Review by Danny Gaisin
Michael Wilmot’s Hamilton Fringe entry ‘Love Shack’ made its way up to mainstream as “No Tell Motel”. This hilarious story is about a middle-aged couple deciding that an afternoon assignation at a 3rd rate motel might spice up their lives. The seediness of their room; her reticence & his horniness plus the complication of an inquisitive manager and a disruptive spouse make the effort for a little hanky panky seem hardly worth it; but totally hilarious to observe. Wilmot was a monologue writer for Jay Leno and his acerbic’ Tonight Show’ wit is also displayed in the ‘No Tell‘ dialogues.
Jonasson; Mitchell; Fortman & Munroe in the “Bird of Paradise” motel room
Review by Sylvie Di Leonardo
The University of Waterloo is home to many of the world’s brightest young engineers. It is also the home of important theatre. Of course, I would realize this post my post-graduate, on Thursday evening, when I entered campus as a visiting member of the press rather than a pub-hopping grad student abusing inter-library loan. Speaking of which… I recognized myself in many of the characters on stage that evening, and I’m not sure how I feel about it quite yet. But I do know what I think about it, so there’s something.
a dramatic moment in Waterloo’s “UNCONSCIOUS CURRICULUM”
Review by Judith Caldwell
Hammer Baroque presented the Rezonance Ensemble in an afternoon of Stylus Fantasticus from the seventeenth century. Stylus Fantasticus is the 1650’s version of jazz. Previously, instruments were used to accompany voices or keep time for dances, but the new style was described as ‘the most free and unrestrained method of composing, bound to nothing, neither to any words nor to a melodic subject’, and it was instituted to display genius’ and showcase just what instruments could do. After all this was the time of the great violin makers – Amati & Stradivarius – and they were not built to play second fiddle to a singer or dancer.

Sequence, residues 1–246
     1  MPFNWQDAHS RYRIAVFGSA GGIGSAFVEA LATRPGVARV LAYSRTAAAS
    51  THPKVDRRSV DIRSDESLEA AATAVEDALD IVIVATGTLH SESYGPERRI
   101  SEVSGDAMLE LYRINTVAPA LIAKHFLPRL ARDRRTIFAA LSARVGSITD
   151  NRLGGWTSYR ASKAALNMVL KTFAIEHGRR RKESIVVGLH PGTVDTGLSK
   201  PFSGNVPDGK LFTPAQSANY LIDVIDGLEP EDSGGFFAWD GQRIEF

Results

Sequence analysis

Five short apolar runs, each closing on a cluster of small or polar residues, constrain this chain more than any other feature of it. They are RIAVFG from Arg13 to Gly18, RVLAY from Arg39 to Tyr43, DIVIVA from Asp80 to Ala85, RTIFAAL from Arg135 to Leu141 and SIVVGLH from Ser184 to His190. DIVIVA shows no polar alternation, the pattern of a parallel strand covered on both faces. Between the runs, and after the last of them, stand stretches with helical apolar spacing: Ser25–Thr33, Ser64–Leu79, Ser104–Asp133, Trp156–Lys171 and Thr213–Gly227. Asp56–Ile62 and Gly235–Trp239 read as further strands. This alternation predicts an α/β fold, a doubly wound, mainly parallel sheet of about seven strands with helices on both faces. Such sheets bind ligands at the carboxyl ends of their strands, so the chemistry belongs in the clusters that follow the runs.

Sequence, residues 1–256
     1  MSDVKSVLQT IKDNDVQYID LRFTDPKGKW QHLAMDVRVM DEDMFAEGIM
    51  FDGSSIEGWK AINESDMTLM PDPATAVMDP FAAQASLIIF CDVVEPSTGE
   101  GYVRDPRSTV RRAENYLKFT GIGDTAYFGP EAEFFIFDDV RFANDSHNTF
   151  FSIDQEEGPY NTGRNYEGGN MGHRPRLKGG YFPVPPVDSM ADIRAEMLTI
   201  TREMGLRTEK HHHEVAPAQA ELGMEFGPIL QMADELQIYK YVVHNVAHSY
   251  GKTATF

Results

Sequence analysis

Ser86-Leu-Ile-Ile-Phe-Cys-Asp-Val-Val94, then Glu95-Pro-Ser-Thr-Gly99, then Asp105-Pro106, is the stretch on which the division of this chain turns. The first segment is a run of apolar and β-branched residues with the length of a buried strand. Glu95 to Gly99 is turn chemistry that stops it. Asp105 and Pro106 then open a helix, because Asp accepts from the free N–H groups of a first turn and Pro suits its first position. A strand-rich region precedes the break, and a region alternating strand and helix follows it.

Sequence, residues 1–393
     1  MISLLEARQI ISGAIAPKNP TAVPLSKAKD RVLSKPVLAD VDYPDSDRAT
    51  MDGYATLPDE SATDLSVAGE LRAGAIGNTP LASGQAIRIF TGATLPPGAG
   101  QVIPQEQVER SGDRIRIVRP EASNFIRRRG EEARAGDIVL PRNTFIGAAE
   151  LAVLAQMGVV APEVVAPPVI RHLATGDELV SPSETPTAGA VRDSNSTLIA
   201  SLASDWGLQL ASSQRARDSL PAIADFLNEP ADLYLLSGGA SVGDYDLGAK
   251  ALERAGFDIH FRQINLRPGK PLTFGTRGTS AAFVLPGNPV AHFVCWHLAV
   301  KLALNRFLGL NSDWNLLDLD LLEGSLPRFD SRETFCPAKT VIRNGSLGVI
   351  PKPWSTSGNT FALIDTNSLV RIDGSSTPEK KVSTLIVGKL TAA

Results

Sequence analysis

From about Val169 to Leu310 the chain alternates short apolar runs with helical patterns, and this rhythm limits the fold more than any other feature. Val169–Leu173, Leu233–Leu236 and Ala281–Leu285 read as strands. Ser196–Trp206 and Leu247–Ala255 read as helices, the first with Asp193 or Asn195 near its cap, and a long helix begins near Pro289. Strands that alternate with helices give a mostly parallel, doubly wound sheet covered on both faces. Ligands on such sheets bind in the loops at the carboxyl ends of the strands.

Benjamin Stein & his ‘theorbo’
Review by Terry Gaisin
How fitting that Oscar Wilde’s final satirical farce would be selected by Patrick Young as his final directorial effort with UTM’s Theatre Erindale. Our Arts Review has critiqued about 70 continual Erindale presentations since 2003 and have had the opportunity to witness a dozen productions under Young’s thespian management. All of them were noteworthy and thought provoking. No doubt, this is because the man has the innate capacity to discover the essence and motivation behind each playwright’s rationale. He is a consummate examiner; researcher, and thus his results always succeed. Photo by Jim Smagata; UTM
Himes; Bennet; Pottinger; Nguyen; Thorne; Wamsley & McDonald
Review by Danny Gaisin
Some interesting facts about the ‘Sooner’ State. Oklahoma was the first territory to hold a land Rush in 1889. It received Statehood in 1907 and was the first State to utilize parking meters (1935) and the first one to erect a ‘Yield’ sign in 1950. The motivation for mentioning Oklahoma’s myriad originals is because “OKLAHOMA” was the first collaboration of Rogers and Hammerstein in1943; heralding the golden age of Broadway musicals. Take Riggs’ book ‘Green Grow the Lilacs’; add in superb music and amazing lyrics and no wonder the result is still a sellout 74 years later!
The farmers & cowboys of pre-statehood “OKLAHOMA”
Review by Ellen S. Jaffe
It is great to have the presentation of a modern classic in a bold new version. Federico Garcia Lorca, Spanish poet and playwright, had an “abiding insistence on the interdependence of love and death,” according to one critic. This is clear in the current production of Blood Weddings/Bodas de Sangre , at Buddies in Bad Times. The show is a remounting of the 2015 collaboration between Modern Times Stage Company, led by Iranian-Canadian director Soheil Parsa (director choreographer of this play) and Aluna Theatre, a Latin-Canadian theatre company whose Artistic Director is Beatriz Pizano.
Kwan; Pizano; Lauzon; Yaraghi & Bush in BLOOD WEDDINGS